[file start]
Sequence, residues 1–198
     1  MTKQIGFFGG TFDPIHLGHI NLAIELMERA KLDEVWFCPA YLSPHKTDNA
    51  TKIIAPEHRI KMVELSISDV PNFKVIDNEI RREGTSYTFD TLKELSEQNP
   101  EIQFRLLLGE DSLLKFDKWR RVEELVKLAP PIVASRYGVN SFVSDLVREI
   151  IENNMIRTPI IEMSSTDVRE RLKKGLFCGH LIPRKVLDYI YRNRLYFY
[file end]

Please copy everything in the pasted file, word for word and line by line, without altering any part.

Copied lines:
Sequence, residues 1–198
     1  MTKQIGFFGG TFDPIHLGHI NLAIELMERA KLDEVWFCPA YLSPHKTDNA
    51  TKIIAPEHRI KMVELSISDV PNFKVIDNEI RREGTSYTFD TLKELSEQNP
   101  EIQFRLLLGE DSLLKFDKWR RVEELVKLAP PIVASRYGVN SFVSDLVREI
   151  IENNMIRTPI IEMSSTDVRE RLKKGLFCGH LIPRKVLDYI YRNRLYFY